This interview contains spoilers about Season 4 of “Orange Is the New Black.”
In Season 4 of “Orange Is the New Black,” Lolly built a time machine out of cardboard boxes and tinfoil. She squeezed a potato in hopes it would power her departure, barreling toward a day when she hadn’t killed a man. Like most things at Litchfield, Lolly’s plan didn’t work. The murder was pinned on her schizophrenic shoulders, and she was condemned to a psych ward that may be the most brutal setting “OITNB” has ever introduced. The last we saw of Lolly was a brisk transition from innocent optimism to savage anguish.
A large part of why Lolly was such a standout character this year is owed to Lori Petty, who imbues her with wide-eyed wonder and dopey paranoia. Lolly doesn’t deserve what life has handed her, and Petty ensures her character’s virtue through a cocktail of goofiness and pain. The Huffington Post hopped on the phone with Petty ― otherwise known for “A League of Their Own” and “Tank Girl” ― to discuss this season and her career.
Do you binge the new season like everyone else?
Oh yeah, I went to the premiere and then we had the party, and luckily the party was in my hotel. It was so packed, oh my God. We couldn’t even find each other hardly, but it was wonderful. Then I went downstairs, took a shower, got in bed and stayed up all night and watched the show. We don’t get to see it until it comes out.
You first appeared at the start of Season 2, on the plane with Piper. How did you find out you’d be back for more?
So Season 2, Episode 1, when I did that episode that Jodie Foster directed, and I’ve known her for 20 years, it was great. Then I thought, “Well, why haven’t they asked me to come back next week?” Like I’ve said before, a closed mouth don’t get fed. I’ve been doing this long enough to know you’ve got to speak up, so I said to one of the producers, “It’s Episode 1, what’s up? I want to be on your show.” And they said, “Oh, we shot out of order, Lori, this is the last episode of the year.” They shot the first episode last. But then when they started on Season 3, they called me right away. They don’t know until they get into the writers’ room what they’re doing.
Did the writers tell you anything about Lolly's backstory?
They don’t really tell you much about it. It’s really about me saying yes to being part of this ensemble. I didn’t know she was going to be a paranoid schizophrenic. That’s just how they wrote it. So the more they wrote it, the more I did it. The more I did it, the more they wrote it. And then I start seeing shit, so it was like a snowball that never ended. It was great.
Did you decide on her mannerisms and tics before knowing she was a paranoid-schizophrenic conspiracy theorist?
They have to be very specific. You can’t just be randomly crazy. I knew she saw stuff and heard stuff that wasn’t there. I knew that because she kept saying "the NSA, the DEA." So I knew she had a parallel life going on there. The writers take cues from each of our behaviors, like they’ll see a speech pattern or a quickness or a slowness or whatever, and they expound upon that.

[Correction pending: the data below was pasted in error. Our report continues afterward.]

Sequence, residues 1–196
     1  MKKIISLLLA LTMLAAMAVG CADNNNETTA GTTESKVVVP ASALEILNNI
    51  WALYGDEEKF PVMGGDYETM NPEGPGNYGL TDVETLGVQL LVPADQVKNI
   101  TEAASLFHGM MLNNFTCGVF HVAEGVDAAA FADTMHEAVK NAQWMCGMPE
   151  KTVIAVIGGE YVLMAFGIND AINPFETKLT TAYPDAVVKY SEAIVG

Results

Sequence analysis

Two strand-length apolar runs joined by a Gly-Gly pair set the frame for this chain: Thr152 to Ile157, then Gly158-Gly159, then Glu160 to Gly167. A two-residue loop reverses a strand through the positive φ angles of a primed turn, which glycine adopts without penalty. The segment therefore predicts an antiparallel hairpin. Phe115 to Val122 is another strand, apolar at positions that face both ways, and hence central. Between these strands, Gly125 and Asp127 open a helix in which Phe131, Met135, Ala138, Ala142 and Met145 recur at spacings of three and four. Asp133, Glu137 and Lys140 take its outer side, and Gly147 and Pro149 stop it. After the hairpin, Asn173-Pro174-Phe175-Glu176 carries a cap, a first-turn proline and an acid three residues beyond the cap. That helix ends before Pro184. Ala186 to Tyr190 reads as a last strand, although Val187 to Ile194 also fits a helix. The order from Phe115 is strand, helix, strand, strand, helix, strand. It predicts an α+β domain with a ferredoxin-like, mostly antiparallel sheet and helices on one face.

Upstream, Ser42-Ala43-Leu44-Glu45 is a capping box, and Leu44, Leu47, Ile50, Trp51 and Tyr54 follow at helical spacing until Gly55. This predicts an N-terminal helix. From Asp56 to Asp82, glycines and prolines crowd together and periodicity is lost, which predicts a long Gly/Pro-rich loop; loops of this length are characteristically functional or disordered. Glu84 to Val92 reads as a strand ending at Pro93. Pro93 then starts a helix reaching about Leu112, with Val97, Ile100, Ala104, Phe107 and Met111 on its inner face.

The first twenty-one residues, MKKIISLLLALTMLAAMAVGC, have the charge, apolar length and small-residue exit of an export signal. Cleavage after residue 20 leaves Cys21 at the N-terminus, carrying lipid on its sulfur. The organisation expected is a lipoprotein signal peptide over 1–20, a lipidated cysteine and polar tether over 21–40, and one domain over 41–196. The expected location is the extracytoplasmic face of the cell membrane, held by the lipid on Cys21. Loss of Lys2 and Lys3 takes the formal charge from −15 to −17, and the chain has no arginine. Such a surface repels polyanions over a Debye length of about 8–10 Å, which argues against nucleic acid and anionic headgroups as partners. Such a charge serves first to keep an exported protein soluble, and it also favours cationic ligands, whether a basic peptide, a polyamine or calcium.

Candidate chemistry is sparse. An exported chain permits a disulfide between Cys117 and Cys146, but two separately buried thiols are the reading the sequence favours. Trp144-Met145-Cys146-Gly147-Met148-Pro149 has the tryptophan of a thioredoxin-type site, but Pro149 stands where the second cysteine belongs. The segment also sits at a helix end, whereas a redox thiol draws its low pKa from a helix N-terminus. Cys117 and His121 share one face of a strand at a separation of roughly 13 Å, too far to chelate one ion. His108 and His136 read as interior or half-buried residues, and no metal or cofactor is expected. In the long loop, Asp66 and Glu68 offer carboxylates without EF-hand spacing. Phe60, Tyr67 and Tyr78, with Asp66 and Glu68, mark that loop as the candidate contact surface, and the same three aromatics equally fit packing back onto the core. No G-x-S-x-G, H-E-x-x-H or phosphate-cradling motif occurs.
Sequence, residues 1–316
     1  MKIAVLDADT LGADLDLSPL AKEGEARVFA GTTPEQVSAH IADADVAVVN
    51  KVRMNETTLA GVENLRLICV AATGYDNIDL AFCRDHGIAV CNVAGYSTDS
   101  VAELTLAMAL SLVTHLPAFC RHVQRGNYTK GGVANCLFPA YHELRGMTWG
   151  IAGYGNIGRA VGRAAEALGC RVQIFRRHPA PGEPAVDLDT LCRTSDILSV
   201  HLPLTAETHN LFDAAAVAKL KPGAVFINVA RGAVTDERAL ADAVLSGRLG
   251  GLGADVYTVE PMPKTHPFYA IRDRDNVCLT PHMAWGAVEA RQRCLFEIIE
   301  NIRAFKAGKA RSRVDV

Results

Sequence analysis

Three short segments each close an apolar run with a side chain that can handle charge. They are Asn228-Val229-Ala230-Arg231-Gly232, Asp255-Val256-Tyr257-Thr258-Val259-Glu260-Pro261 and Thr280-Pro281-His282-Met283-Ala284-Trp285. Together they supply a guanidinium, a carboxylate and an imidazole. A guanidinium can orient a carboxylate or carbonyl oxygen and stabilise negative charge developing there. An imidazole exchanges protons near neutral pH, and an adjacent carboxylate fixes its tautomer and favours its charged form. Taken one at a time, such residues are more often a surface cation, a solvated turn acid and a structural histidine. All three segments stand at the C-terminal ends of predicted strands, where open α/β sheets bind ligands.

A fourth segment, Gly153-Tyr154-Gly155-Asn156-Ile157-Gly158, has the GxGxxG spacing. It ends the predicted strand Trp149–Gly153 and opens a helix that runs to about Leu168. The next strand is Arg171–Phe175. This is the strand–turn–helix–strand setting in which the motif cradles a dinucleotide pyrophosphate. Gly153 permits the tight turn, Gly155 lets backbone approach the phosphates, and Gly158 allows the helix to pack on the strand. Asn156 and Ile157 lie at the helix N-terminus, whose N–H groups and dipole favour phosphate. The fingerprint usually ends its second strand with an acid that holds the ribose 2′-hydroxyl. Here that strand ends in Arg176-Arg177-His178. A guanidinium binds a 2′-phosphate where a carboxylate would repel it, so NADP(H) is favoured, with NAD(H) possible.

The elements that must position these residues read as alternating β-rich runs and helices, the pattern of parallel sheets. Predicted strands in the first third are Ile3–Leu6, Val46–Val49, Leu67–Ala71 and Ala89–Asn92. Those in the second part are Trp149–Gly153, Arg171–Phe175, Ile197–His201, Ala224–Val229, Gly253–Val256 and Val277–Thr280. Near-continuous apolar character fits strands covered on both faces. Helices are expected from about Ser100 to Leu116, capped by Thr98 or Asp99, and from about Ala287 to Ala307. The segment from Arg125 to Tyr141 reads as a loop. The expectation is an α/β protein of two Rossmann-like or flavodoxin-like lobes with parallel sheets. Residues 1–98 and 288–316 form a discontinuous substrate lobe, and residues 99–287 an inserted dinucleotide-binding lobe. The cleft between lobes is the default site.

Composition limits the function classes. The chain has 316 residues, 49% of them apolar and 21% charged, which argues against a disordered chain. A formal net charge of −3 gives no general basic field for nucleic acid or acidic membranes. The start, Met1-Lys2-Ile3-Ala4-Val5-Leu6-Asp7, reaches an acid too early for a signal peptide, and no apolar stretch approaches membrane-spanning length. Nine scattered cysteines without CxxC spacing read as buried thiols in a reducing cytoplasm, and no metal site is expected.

When we first see the younger Lolly in your backstory episode, I was convinced they'd aged you down.
Yeah, [Christina Brucato, the actress who played younger Lolly] knocked it out of the park. She was great. I came to work the day after she worked and the crew said, “We thought that was you!” They thought it was my voice. They thought they were dubbing my voice into her mouth, which they did on “A League of Their Own” with Geena Davis’ older person. Geena looped her voice into that lady’s mouth, so it makes people go, “Wow!” But no, that girl just did her homework. I had nothing to do with it. We didn’t work on the same days. We never had a discussion. I said hi to her one day real quickly, but we were never in the same place at the same time. I give her a lot of props for being such a good actress and nailing it.
Let’s talk about Lolly’s relationship with Mr. Healy, who is one of the show’s most conflicted characters. She tells him she killed a man, and he wants to protect her, yet he’s a prison guard who doesn’t take an inmate’s murder claims seriously. Then he sells her out, and they share that beautiful moment where she says they’ll just try harder to travel in time.
I thought Healy had a lot of empathy with these women, and maybe it crosses the line a little bit. He’s like a compadre where he’s maybe supposed to be more of a boss. But I think the two of them had a real special connection where maybe he saw his mother or maybe he saw himself in her. I don’t know [actor Michael J. Harney’s] process, but I know Healy really connected with Lolly, so I think his first instinct was, “Of course you didn’t kill a man. We would know if someone got killed.” I think he went there right away. “No, no, no, that’s in your brain.” But as an actor, I just love Michael so much. He’s just the best. Period. We shut everything else out and do what we have to do, and we love it. It’s like holding hands on a roller coaster. It’s great.
When you read the script where Frieda said she and Red would have to kill Lolly, did you think Lolly would die by the end of the season?
No, my ego’s too big to think that. You can’t kill me! You already killed what I think is one of the greatest actors on our show, Samira Wiley. You can’t kill everybody in the house!
Were you sad not to work with Matt Weiner, who directed the powerful episode with Poussey’s death? Lolly was sent to the psych ward in the previous episode, so you weren’t in that one.